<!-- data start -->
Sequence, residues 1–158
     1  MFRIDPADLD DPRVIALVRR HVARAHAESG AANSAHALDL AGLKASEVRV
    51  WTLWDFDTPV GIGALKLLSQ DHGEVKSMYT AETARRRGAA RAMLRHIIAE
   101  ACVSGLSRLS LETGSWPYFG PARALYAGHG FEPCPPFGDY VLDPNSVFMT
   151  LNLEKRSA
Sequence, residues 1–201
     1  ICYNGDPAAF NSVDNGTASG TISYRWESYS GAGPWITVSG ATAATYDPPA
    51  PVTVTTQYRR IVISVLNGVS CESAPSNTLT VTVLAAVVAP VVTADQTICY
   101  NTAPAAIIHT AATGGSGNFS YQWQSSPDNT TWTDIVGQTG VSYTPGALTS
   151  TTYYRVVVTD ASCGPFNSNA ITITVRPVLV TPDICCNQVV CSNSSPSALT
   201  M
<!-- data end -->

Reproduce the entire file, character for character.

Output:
Sequence, residues 1–158
     1  MFRIDPADLD DPRVIALVRR HVARAHAESG AANSAHALDL AGLKASEVRV
    51  WTLWDFDTPV GIGALKLLSQ DHGEVKSMYT AETARRRGAA RAMLRHIIAE
   101  ACVSGLSRLS LETGSWPYFG PARALYAGHG FEPCPPFGDY VLDPNSVFMT
   151  LNLEKRSA
Sequence, residues 1–201
     1  ICYNGDPAAF NSVDNGTASG TISYRWESYS GAGPWITVSG ATAATYDPPA
    51  PVTVTTQYRR IVISVLNGVS CESAPSNTLT VTVLAAVVAP VVTADQTICY
   101  NTAPAAIIHT AATGGSGNFS YQWQSSPDNT TWTDIVGQTG VSYTPGALTS
   151  TTYYRVVVTD ASCGPFNSNA ITITVRPVLV TPDICCNQVV CSNSSPSALT
   201  M